Presentation on theme: "OPIOIDS I. Where do they come from? / synthesized in 1803"— Presentation transcript:
1 OPIOIDS I. Where do they come from? / synthesized in 1803 poppy plant: from middle east and Asiadried sap from plant is opium; cultivated annually BUT plant produces drug within only 10 day windowmajor active ingredient in opium: morphine/ synthesized in 1803/ named after the Greek god of dreams Morpheus/ morphine altered in late 1800s into heroin a “heroic” TX (3-10x as strong as morphine)/ Fentanyl
2 OPIOIDS Other names they go by? - Oxycodone - Codeine: Lean; Purple stuff- others? ______________
3 OPIOIDS II. Medical Uses As pain reliever (morphine, demerol, codeine, lortab, lorcet, percodan, percocet, vicodin, oxycontin)with chronic pain or terminal patientsin some cough suppressantstreatment of diarrhea, which is dehydrating
4 OPIOIDS III. Prevalence Heroin compared to non-medical use of rx Pain meds:Lifetime Past Year Current2010: H: ___% ___% ___%P: ___% ___% ___%
6 OPIOIDS IV. Mechanisms of action opiates trigger our own brain chemicals,_________________________________naloxone ____________ effects of opiates by blocking opiate receptor sites
7 OPIOIDSV. Effectsproduces short-lived euphoria, profound relaxation, body warmth (lowers body temp)tolerance develops rapidly so increasing doses is very commondrug taking becomes a chore to avoid withdrawal SX illustrates ? reinforcement
8 A diagram of Siegel’s rat experiment Rats: heroin tolerantControl rats: No heroin toleranceReceived injection of heroin 15 mg/kg in familiar environmentReceived injection of heroin 15 mg/kg in unfamiliar environmentReceived injection of heroin 15 mg/kg for first timeOverdose rate: %Overdose rate: %A diagram of Siegel’s rat experimentTo some degree, drug tolerance is associated with environmental factors. Tolerance may disappear or decrease if a drug is used in an unfamiliar environment.
9 OPIOID WITHDRAWALStoppage (or reduction] in opioid use that has been heavy and prolonged (several weeks +)OR administration of opioid antagonist after period of useSymptoms include: (need at least 3 for DSM criteria)dysphoric mood - yawningdiarrhea - fevermuscle aches - dilation of pupils, piloerectioninsomnia or sweatingnausea or vomitingrunny eyes or nose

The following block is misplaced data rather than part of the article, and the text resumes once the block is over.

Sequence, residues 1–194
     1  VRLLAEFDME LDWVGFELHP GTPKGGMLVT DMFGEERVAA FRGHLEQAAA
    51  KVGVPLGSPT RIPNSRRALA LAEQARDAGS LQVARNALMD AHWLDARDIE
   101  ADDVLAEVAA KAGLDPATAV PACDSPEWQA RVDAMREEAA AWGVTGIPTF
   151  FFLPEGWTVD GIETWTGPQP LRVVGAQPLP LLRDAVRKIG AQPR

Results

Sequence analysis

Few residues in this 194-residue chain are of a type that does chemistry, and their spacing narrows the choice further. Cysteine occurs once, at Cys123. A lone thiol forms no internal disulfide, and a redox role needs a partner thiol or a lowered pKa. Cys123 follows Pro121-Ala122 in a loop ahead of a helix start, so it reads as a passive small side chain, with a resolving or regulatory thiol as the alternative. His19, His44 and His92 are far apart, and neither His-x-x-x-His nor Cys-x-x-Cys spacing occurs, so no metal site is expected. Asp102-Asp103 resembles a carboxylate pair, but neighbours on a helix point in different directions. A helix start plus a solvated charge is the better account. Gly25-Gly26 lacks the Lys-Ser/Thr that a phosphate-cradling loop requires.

10 OPIOIDSVI. Treatmentmethadone TX: peak concentration occurs 2-4 hours after taken, in contrast to effects of other opiates which kick in right away like a hammerblow; metabolites of methadone are inactive, unlike other narcoticsblood levels of methadone, when given orally, is below ED level in tolerant patients, and is ________________________________________________________________________________LAAM, naltrexone, buprenorphine- TCs
11 OPIOIDS - ControversyNeedle exchange programs to prevent HIV: are you pro/con?Should heroin be given to terminal patients? Do terminal patients have right to die with drugs?Should non-terminal pain patients be freely medicated with morphine or even stronger painkillers?
12 Prescription Opioid Abuse Historical Aspects 1990 - Current Through the efforts of pain control advocates, organized medicine, scientific journals, & malpractice suits, prescribing opiates for pain became more common during the last decade of the 20th CenturyOpioid therapy became accepted (although often inadequately) for treating acute pain, pain due to cancer, & pain caused by a terminal diseaseStill disputed is the use of opioids for chronic pain not associated with terminal disease
13 Evolving Landscape of Drugs of Abuse FarmingPharming13
14 Potential subpopulations of prescription Opioid Abusers Persons who abuse or are dependent on only prescription opioidsAbusers of other opioids, e.g., heroin, when they cannot get their drug of choicePolydrug abusersPain patients who develop abuse or dependence problems on these drugs in the course of legitimate medical treatment
15 Why Has the Abuse of Prescription Drugs Been Increasing? Increasing numbers of prescriptionsOthers?Attention by the media & advertising (television and newspaper)Easier access (e.g. internet availability)
16 Number of Prescriptions (in 1000s) As Prescriptions Increase, ER Reports Have Increased at the Same or Faster RateNumber of Prescriptions (in 1000s)Source: IMS Health for Prescriptions and SAMHSA (DAWN) for Emergency Department MentionsHydrocodoneOxycodoneprescriptionsemergency1000020000300004000050000600007000080000199419951996199719981999200020016000120001800024000ED Mentions.